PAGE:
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Military cyber operations being reorganized

WASHINGTON — After months of delay, the Trump administration is finalizing plans to revamp the nation’s military command for defensive and offensive cyber operations in hopes of intensifying America’s ability to wage cyberwar against the Islamic State group and other foes, according to U.S. officials. The goal, they said, is to give U.S. Cyber Command more autonomy, freeing it from any constraints that stem from working alongside the NSA, which is responsible for monitoring and collecting telephone, internet and other intelligence data from around the world — a responsibility that can sometimes clash with military operations against enemy forces. The move reflects the escalating threat of cyberattacks and intrusions from other nation states, terrorist groups and hackers, and comes as the U.S. faces ever-widening fears about Russian hacking following Moscow’s efforts to meddle in the 2016 American election. [...] the Defense Department has been agitating for a separation, perceiving the NSA and intelligence community as resistant to more aggressive cyberwarfare, particularly after the Islamic State’s transformation in recent years from an obscure insurgent force into an organization holding significant territory across Iraq and Syria and with a worldwide recruiting network.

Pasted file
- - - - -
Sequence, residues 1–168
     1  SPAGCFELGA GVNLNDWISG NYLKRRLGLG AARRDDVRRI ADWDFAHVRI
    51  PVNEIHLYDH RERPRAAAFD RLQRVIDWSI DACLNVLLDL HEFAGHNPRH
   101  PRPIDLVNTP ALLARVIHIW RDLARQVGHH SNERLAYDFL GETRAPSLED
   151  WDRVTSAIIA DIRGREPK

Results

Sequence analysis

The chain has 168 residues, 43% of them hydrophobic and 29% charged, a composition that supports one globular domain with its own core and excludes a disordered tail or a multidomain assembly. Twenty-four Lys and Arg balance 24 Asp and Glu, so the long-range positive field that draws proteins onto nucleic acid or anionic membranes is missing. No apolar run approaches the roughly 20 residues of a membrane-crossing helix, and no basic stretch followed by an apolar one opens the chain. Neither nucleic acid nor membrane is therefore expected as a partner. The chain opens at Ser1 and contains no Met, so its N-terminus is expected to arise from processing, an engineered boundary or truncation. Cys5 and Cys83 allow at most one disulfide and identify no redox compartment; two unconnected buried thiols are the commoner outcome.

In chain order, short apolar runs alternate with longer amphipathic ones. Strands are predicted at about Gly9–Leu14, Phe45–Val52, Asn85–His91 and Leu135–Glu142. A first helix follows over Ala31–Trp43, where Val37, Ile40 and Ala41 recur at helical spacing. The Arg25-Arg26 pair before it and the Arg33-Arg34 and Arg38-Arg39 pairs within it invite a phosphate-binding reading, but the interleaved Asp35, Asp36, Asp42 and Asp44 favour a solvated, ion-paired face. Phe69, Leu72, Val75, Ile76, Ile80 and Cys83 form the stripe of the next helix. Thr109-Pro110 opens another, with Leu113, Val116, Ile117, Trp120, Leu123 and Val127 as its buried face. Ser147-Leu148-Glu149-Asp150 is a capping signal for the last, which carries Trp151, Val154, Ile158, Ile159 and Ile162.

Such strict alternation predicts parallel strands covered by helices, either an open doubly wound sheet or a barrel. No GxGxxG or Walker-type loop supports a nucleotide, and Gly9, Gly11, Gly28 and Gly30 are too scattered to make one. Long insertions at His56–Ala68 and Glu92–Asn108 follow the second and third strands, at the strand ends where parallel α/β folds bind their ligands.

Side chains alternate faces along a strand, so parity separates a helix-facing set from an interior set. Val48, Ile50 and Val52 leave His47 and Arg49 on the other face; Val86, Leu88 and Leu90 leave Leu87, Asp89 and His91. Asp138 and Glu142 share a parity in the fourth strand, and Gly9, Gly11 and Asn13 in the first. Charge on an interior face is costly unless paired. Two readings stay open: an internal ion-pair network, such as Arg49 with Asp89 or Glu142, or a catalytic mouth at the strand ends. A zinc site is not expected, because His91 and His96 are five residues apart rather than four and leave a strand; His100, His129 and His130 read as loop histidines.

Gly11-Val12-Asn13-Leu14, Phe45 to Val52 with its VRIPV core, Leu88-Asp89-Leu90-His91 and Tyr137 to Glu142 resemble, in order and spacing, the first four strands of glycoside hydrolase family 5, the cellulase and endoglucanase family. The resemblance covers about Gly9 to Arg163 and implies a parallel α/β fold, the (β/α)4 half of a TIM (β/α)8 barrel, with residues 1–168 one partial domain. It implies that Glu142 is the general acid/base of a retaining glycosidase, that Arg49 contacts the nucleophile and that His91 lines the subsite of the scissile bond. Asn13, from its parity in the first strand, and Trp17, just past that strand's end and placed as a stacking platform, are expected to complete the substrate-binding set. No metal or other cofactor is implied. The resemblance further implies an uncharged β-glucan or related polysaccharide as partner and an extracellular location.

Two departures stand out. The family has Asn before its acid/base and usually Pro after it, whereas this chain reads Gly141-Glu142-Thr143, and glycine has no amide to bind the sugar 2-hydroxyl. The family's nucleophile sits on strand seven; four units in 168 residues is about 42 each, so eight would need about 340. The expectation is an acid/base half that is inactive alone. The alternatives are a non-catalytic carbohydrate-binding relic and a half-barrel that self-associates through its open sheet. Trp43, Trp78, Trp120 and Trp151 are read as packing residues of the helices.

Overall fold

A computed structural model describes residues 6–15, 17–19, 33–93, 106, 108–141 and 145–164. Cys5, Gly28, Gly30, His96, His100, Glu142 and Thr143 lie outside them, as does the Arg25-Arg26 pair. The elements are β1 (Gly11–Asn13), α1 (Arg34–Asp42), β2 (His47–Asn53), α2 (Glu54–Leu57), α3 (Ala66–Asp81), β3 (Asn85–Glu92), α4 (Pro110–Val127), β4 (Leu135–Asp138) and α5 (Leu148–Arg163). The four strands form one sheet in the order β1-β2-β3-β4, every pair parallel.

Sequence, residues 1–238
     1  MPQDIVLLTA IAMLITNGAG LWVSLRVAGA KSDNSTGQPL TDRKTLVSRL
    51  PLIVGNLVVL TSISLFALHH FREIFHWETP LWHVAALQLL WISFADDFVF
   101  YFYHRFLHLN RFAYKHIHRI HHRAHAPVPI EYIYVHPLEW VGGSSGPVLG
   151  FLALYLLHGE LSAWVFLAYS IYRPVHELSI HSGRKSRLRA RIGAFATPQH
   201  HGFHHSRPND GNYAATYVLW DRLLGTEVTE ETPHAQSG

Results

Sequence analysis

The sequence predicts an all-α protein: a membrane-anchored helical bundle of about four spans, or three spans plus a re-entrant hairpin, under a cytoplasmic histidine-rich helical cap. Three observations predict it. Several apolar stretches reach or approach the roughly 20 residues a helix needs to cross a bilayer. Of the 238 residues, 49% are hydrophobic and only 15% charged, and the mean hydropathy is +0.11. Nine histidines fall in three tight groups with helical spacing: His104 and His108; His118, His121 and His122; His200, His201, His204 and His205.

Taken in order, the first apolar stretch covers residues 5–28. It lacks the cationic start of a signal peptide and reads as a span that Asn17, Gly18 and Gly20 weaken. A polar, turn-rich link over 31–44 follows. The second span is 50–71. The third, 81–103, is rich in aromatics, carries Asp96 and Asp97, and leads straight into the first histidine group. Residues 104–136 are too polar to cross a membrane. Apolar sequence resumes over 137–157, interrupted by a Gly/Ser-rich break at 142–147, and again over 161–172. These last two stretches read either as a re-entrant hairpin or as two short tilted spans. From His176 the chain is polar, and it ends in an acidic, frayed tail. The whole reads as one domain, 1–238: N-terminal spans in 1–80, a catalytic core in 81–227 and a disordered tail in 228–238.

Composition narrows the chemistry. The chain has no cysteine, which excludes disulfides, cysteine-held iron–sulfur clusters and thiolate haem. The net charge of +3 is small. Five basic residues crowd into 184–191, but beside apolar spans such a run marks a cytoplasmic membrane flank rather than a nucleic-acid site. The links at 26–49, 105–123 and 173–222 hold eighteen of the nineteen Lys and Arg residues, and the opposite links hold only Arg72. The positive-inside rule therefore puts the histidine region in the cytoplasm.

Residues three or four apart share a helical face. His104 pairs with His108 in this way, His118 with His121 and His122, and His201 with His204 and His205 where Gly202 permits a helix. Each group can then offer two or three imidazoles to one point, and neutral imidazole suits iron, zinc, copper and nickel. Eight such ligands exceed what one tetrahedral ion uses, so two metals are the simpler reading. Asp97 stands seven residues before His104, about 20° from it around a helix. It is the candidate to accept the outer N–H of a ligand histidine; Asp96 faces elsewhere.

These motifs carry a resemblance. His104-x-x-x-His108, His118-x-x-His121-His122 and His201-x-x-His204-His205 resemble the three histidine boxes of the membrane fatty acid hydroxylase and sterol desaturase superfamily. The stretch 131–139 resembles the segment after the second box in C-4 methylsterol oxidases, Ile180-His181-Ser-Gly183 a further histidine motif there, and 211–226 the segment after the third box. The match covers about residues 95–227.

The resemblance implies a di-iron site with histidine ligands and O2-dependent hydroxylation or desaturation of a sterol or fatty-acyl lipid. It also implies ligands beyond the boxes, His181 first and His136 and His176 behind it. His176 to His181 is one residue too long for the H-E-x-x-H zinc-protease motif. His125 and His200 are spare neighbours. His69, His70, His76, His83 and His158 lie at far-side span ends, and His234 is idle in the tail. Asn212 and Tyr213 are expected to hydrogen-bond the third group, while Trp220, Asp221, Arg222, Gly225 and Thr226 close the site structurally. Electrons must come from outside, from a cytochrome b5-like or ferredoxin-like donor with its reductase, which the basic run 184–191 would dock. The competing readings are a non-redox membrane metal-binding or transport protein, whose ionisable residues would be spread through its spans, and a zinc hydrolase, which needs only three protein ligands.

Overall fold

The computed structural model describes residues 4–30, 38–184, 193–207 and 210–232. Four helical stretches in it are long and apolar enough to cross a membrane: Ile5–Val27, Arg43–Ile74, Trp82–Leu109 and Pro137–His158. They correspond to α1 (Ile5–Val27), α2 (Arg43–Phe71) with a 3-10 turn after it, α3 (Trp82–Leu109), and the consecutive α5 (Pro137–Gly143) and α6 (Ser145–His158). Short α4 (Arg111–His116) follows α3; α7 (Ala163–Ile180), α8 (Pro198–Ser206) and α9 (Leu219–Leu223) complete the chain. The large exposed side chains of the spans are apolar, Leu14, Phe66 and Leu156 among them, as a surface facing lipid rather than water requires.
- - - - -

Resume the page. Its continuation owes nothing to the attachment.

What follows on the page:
Article by By Lolita C. Baldor (c) Page One News - Read full story here.